So, the introduction is “G’day guys and welcome to Aussie English.“. So, that’s easy enough.
“My objective here is to teach you guys the English spoken down under“.
And, “Down under” is just a slang term for Australia because we are, at least in the English speaking world, one of the only English speaking countries in the Southern Hemisphere. So, we’re down under everyone in the Northern Hemisphere. So, that’s why Americans and a lot of Europeans like English, Scottish, Irish might refer to us as “the country down under” or just as “down under”. So, “You going down under?”. You’re going to Australia. So, that’s that phrase.
“So whether you want to speak like a fairdinkum aussie…” So, that just means whether you want to speak like a real Australia.
So, “Fairdinkum” is just another way of saying true or real, and this is a very Australian word, fairdinkum. “Is he fairdinkum?” that’s like, “Is he serioius?” “Is he, um… trustworthy? Is he a real person? Is he fairdinkum?.
Um… “…or you just want to understand what the flippin’ hell we’re on about when we’re having a yarn.”
“Flippin’ hell” is just sort of like a polite way of saying “Fucking hell” and I’ll swear there just because I want to describe to you the… the different ways of using those things. So, “Flippin’ hell” is a very sort of polite way of saying “Fucking hell” and both of these expressions are just ways of sort of accentuating the thing that you’re talking about. So, you could say to someone “What the flippin’ hell are you doing?” and it’s sort of to show that you’re angry about whatever it is they’re doing and you want an explanation, and if you say, “Flippin’ hell” it’s not that bad, but if you said “Fucking hell”, “What the fucking hell are you doing?”, that shows that you are incredibly angry and it’s very rude. So, you wouldn’t use that in any kind of formal situation at all. Um… so “Flippin’ hell” is just a polite way of saying, sort of accentuating that “What are you doing”, “What the flippin’ hell are you doing?”, “What the hell are you doing?” or if you want to take it to its extreme, “What the fucking hell are you doing?” or “What the fuck are you doing?”.
“To be on about something”, “To be on about something” is just to be talking about something. To be saying something. So, for instance, if someone was talking to me and I didn’t understand what they were trying to say or trying to explain I could say, “Look mate, I… I don’t know what you’re on about.” Or if someone was accusing me of something saying something like, “You were at my friend’s party last night, weren’t you?” and I really really didn’t want them to know that I was actually there I could say “Look mate, I don’t know what you’re on about. I wasn’t there. Don’t know what you’re talking about. Don’t know what you’re on about.” So that’s “To be on about”.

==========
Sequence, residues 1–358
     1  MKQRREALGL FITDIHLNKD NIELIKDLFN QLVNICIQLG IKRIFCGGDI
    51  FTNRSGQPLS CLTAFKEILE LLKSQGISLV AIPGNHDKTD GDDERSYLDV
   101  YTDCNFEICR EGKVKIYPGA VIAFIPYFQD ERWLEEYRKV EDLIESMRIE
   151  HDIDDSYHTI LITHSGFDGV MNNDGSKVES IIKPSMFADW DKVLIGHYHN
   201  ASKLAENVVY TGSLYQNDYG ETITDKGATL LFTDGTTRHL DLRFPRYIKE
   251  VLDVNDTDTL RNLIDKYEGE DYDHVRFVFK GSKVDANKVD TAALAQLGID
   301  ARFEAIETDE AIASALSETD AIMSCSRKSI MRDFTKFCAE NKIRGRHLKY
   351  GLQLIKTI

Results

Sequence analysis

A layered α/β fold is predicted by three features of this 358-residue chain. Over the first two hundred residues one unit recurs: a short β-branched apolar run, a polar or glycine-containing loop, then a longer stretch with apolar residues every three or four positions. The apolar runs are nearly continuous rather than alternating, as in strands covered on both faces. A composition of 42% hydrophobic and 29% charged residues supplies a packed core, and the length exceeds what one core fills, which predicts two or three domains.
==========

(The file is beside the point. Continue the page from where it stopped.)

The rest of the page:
If you’re “having a yarn”, “To have a yarn”, “A yarn” is an Australian term or slang term for a chat, a talk, a conversation, a discussion. So, if you sit down and have a yarn with someone it just means that you’re having a chat with them. So, “A good old yarn” is just like a good chat, you know, it could be about anything.
So, “You’ve come to the right place.” that’s obvious.
“So, sit back…” that just means obviously, literally sit back in your chair, sit back in your sofa, relax, sit back and relax, sit back.
“Grab a cuppa and enjoy Aussie English.”. “Grab a cuppa” means grab a cup of tea, grab a cup of coffee. “Cuppa” is a very Australian slang term for “A cup of something” and that’s where that “A” at the end of “Cuppa” comes from. It’s just “Of” and it’s been reduced to an “Ah” sound. So, yeah, a cup of tea or a cup of coffee often just gets reduced to “A cuppa”. “So, sit back, grab a cuppa and enjoy Aussie English”, that means sit back in your chair, relax, whatever you’re doing, grab a cup of coffee or a cup of tea and enjoy listening to the podcast.
So, I hope that helps guys. I’ll keep this one short. Enjoy guys. Chat to you soon!
Check out all the other recent Ask Pete Anything episodes below.